Adam’s loss re­flects badly on Trudeau

Lib­eral leader didn’t need to put party through this

The Guardian (Charlottetown) - - OPINION - Tim Harper Tim Harper is a na­tional af­fairs writer.

In this sum­mer of melt­ing Lib­eral for­tunes, this Sun­day af­ter­noon in a steamy high school au­di­to­rium was sup­posed to be all about Eve, Dim­itri and Justin.

In­stead it turned out to be all about prom­i­nent Toronto lawyer Marco Men­di­cino and an Eglin­ton-Lawrence Lib­eral re­pu­di­a­tion of in­ter­loper Eve Adams, her fi­ancé and one-time Con­ser­va­tive heavy­weight Dim­itri Soudas, and Justin Trudeau, the Lib­eral leader who brought the duo and their steamer-size lug­gage aboard the list­ing Lib­eral ship.

The win­ner was sup­posed to be the drama queen with the tem­per, the woman who had run afoul of Con­ser­va­tive brass for the bare-knuck­les style - known gener­i­cally as bul­ly­ing - that she and Soudas em­ployed in a previous Con­ser­va­tive nom­i­na­tion bat­tle so tainted that she left be­fore both con­tes­tants were tossed from the ring.

Soudas, the one-time Con­ser­va­tive power bro­ker and loyal spokesper­son for Harper had lost his job. Adams had aban­doned a nom­i­na­tion bid and lost the sup­port of her party. And then Trudeau found the pair while root­ing around in Harper’s blue bin.

Now the one-time, would-be power cou­ple have been cast aside by two par­ties and the Lib­eral leader has taken another po­lit­i­cal hit at the worst pos­si­ble time.

Adams lost her first po­lit­i­cal race of any kind, Soudas was left to shrug when asked what went wrong and Trudeau’s judg­ment can be ques­tioned anew.

We snick­ered when he trot­ted out Adams last Fe­bru­ary as some ma­jor catch for the Lib­er­als. Check that. We guf­fawed.

But Adams was sup­posed to be the woman to take on Fi­nance Min­is­ter Joe Oliver in the rid­ing in Oc­to­ber, ready to brawl with the man whose praises she once sang loudly and proudly.

This was to be a vic­tory for de­fec­tors ev­ery­where, any man or woman whose prin­ci­ples run so deeply they are pre­pared to run across the street to work for the com­pe­ti­tion they once vil­i­fied.

It was sup­posed to be a vic­tory for the long reach of a cen­tral party ap­pa­ra­tus spread­ing its ten­ta­cles deep into the grass­roots of a rid­ing.

In­stead the grass­roots re­coiled and the man who had spent a year cam­paign­ing for this nom­i­na­tion ac­tu­ally won it.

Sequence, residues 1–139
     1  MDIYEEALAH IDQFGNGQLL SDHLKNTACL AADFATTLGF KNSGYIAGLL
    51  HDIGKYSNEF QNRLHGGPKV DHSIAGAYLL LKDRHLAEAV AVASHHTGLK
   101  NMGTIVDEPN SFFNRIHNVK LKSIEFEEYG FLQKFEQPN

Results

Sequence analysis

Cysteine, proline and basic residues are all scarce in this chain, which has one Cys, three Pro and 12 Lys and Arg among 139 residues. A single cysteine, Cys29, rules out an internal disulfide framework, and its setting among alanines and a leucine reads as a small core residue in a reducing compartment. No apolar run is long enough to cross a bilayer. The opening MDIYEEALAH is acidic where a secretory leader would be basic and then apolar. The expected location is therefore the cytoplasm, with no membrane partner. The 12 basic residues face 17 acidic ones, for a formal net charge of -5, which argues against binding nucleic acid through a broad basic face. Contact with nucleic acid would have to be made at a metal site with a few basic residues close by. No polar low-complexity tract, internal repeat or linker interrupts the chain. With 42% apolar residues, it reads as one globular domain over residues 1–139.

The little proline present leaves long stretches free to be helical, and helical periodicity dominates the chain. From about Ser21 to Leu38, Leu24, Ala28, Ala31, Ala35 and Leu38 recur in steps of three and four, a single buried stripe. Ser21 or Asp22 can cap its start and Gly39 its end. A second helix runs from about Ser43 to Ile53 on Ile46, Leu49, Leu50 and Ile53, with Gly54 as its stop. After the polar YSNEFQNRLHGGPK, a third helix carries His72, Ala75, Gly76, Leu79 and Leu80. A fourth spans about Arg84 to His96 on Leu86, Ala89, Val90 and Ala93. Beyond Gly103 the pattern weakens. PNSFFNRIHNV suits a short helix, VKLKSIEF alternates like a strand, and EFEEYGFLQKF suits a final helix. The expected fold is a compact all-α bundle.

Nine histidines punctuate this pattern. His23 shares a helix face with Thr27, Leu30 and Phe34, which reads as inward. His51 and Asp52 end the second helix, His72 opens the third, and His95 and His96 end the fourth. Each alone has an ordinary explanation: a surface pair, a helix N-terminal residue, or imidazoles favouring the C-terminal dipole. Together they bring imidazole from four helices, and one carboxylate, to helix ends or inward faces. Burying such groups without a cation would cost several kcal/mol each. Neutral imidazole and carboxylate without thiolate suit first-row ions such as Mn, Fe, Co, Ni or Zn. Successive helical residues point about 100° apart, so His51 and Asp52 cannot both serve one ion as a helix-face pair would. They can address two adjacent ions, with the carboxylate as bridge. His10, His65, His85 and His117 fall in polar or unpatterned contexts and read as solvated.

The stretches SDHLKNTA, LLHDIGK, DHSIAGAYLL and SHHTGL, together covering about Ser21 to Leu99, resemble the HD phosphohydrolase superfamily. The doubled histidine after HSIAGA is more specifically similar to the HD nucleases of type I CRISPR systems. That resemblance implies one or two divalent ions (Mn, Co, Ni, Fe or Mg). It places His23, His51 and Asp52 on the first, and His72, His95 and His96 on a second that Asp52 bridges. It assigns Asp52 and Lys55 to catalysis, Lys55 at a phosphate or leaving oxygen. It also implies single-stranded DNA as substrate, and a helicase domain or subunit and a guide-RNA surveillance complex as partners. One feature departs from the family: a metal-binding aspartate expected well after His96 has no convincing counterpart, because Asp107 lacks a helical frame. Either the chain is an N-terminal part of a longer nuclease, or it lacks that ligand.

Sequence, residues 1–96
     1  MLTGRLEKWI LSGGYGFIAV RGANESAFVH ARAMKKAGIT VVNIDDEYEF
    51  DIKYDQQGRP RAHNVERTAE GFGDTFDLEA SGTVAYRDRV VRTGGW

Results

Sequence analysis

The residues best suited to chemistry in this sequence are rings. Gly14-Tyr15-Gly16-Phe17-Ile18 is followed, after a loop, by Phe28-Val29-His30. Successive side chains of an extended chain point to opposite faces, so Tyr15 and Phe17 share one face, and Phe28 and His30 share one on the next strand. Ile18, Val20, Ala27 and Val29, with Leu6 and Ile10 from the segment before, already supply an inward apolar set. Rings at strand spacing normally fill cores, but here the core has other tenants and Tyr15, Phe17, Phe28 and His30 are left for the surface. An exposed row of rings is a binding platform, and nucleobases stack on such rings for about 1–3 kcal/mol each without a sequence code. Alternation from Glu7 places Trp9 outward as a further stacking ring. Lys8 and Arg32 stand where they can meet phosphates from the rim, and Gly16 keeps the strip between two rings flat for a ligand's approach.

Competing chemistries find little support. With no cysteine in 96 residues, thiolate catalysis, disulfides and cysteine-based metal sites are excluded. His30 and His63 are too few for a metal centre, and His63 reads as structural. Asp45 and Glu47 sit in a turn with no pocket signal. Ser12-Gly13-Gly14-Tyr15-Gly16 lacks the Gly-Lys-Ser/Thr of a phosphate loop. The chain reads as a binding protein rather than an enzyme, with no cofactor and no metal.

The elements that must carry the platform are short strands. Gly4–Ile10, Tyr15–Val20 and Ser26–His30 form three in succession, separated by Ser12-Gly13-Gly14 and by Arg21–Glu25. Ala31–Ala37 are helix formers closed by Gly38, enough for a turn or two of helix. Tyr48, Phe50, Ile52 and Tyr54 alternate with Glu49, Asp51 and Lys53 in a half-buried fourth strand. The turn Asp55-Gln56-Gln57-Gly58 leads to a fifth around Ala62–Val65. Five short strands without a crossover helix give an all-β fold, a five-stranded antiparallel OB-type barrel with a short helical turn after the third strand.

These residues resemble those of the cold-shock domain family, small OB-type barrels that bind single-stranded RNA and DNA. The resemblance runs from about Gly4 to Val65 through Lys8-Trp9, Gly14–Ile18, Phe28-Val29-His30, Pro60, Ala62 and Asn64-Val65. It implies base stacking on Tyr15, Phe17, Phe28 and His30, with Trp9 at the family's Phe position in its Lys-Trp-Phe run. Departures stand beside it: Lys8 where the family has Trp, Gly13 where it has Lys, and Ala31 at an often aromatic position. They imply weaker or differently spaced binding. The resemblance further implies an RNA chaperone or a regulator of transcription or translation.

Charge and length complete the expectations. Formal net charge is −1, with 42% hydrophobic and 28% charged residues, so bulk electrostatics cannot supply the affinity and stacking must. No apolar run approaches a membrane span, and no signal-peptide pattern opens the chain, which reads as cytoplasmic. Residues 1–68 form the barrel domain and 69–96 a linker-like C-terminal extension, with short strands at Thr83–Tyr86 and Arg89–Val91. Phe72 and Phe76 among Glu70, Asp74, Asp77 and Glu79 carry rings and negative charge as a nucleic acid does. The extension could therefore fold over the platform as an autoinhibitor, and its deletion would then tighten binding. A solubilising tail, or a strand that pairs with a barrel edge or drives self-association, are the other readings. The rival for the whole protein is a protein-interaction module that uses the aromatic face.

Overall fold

To be fair to Adams, she was an in­ter­loper who ig­nored de­trac­tors — in­clud­ing one who urged her to re­sign be­fore she strode to the mike Sun­day — and worked hard.

Those bare knuck­les were re­placed, she told us, by what she called cracked and bleed­ing knuck­les from knock­ing on doors in the rid­ing dur­ing cold win­ter nights.

For Trudeau, there was no clear win-win, but there was a lose-lose.

He found that spot. Most Lib­er­als be­lieved Men­di­cino had a bet­ter shot at best­ing a sit­ting fi­nance min­is­ter, but at least the party, had it cho­sen Adams, would have loy­ally fol­lowed the leader’s wishes and given the rid­ing the can­di­date hand­picked from head­quar­ters.

Mike Colle, the Lib­eral MPP who had crowed that Adams would win this nom­i­na­tion over his “dead body” was very much alive Sun­day, declar­ing Trudeau has to start lis­ten­ing to the “or­di­nary Joes and or­di­nary Janes” of the Lib­eral party in­stead of declar­ing can­di­dates in a so-called open nom­i­na­tion process.

Men­di­cino point­edly told the au­di­ence he was no ca­reer politi­cian but his life was in Eglin­ton-Lawrence.

A pledge by Adams to move into the rid­ing was met with si­lence by the au­di­ence.

Men­di­cino had won the en­dorse­ment of the party’s former in­terim leader, Bob Rae, York West Lib­eral MP Judy Sgro, former MP Maria Minna and, most loudly, Colle.

They ap­peared re­signed to de­feat. Men­di­cino’s sup­port­ers had charged the rid­ing as­so­ci­a­tion had signed up peo­ple who had no idea what they were sign­ing. They charged this nom­i­na­tion vote had been de­layed un­til Adams had enough sup­port for vic­tory. They blamed Lib­eral head­quar­ters for pulling strings be­hind the scenes.

Adams’ back­ers were called “in­stant Lib­er­als” by Colle who pre­dicted a split party in the rid­ing if she won.

Trudeau didn’t have to put his party through this. He scooped up the drama queen and we got a lot of drama. But in the end, a grass­roots vic­tory only raises more ques­tions about the up­per ech­e­lon of this party.

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